Just another ordinary day…

The handsome Dr Kumar

I awoke yesterday morning at 5.30am  to the delightful sounds of Payma’s mum gobbing up outside my bedroom window.

But my day really started when she came into my room at 6.00am to clean The Dalai Lama’s altar and light two large incense sticks.

She disappeared for a couple of minutes, to reappear with a large canister on chains full of red hot charcoal. She swung this in front of the altar several times, filling the room with smoke.

Time to make an early exit up the hill to wait for the cafe to open.

A hour or so later  found me at the clinic of Dr Kumar, who is looking after a nasty cut just below my knee, the result of falling into a pothole on Sunday.

Over discussions about the physiological merits of pus and him hacking away the dead skin around my wound, our relationship has deepened – at any rate, mine has with him.  He has stopped the infection from developing into septicaemia (a serious possibility) so I consider him God.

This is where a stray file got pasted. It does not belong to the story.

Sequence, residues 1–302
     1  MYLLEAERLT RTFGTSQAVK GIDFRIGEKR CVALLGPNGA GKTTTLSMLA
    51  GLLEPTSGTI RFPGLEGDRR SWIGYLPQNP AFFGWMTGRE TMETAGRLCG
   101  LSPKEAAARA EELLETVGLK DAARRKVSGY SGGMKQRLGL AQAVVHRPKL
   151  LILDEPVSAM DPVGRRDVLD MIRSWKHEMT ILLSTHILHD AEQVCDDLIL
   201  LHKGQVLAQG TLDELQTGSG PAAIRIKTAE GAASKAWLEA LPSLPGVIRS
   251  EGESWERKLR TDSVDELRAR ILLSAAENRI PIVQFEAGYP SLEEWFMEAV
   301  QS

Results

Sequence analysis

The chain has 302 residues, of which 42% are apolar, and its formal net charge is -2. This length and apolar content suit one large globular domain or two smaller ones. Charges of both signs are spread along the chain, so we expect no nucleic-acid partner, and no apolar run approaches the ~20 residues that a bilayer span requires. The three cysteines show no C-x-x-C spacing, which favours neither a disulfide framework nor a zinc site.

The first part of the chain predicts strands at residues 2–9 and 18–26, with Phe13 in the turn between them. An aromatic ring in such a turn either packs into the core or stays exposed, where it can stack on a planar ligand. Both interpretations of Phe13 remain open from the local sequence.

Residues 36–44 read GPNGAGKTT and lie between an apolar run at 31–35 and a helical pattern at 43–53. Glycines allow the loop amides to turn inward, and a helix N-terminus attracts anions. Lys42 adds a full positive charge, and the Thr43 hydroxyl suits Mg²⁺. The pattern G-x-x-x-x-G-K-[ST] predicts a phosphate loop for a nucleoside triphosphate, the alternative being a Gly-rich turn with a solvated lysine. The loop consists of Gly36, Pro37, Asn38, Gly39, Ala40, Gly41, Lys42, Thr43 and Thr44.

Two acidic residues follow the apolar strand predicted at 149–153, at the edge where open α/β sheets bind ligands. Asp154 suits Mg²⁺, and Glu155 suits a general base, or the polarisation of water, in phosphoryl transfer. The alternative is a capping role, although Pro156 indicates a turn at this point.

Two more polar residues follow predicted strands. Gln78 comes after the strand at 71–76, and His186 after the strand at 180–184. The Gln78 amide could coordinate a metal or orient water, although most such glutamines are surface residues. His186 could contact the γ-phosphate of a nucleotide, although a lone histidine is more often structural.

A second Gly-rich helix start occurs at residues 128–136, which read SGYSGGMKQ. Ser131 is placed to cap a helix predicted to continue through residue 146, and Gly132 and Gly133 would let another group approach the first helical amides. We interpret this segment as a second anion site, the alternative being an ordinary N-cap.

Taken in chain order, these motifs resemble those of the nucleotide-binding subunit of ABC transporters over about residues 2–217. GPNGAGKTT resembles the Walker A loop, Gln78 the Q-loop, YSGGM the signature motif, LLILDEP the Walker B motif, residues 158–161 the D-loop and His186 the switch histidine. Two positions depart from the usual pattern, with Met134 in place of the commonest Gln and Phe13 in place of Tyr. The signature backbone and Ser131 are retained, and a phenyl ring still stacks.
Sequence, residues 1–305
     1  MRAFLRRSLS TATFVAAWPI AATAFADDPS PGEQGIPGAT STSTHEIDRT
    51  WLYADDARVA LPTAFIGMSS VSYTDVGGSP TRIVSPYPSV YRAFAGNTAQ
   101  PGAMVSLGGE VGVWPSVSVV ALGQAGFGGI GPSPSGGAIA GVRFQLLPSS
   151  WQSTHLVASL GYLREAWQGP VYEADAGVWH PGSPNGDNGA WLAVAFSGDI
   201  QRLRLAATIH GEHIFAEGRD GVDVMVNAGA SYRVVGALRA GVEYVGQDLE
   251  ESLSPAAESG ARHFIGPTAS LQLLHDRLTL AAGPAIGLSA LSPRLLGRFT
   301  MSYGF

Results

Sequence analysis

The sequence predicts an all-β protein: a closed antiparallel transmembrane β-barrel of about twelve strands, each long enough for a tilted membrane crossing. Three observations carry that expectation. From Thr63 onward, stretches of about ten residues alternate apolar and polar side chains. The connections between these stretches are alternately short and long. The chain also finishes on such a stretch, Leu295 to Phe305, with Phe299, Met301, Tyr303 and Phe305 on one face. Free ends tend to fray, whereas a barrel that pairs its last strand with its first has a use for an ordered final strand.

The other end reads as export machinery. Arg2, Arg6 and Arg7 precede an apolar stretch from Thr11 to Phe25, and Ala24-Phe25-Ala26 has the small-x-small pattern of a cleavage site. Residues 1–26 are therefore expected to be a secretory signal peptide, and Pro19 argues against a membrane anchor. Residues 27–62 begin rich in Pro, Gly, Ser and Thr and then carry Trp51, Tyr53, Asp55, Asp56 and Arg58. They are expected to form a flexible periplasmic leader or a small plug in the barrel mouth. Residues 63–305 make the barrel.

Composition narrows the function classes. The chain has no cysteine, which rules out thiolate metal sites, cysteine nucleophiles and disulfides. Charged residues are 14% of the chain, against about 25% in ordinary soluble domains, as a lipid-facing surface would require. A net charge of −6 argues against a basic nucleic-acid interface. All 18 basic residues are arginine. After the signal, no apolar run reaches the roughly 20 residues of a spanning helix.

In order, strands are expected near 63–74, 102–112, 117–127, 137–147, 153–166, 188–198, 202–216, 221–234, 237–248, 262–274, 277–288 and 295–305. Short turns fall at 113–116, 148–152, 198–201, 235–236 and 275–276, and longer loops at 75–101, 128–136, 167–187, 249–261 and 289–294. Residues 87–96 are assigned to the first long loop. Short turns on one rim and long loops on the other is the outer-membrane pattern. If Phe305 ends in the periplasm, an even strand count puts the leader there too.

Following a good cleanout with iodine and the application of a clean dressing,  I limped off to meet my two young monks and the Mongolian couple, all of whom I have grown to love dearly.

Rinchen, one of the monks, was very excited because on his way to the Tibetan café where we meet every morning for our English lesson, he had passed a film crew and was convinced that a big Bollywood movie star was about to appear.

Hip-hop dancers strutting their stuff

I wasn’t going to let that go. So I suggested we could have our lesson watching what was going on.

We trooped up the street to the main Chowk (kind of square) where crowds of on-lookers had gathered to stare at a group of Indian hip-hop dancers parading in front of a cameraman.

The director, wearing a fetching trilby hat, yelled the Indian equivalent of ‘Let’s go for a take.’

Distorted music blasted from the back of a transit van and the dancers cavorted into life, forming the backdrop for  a cool-looking dude complete with designer stubble and glamorous model draped over his arm.

Director with model, Shruti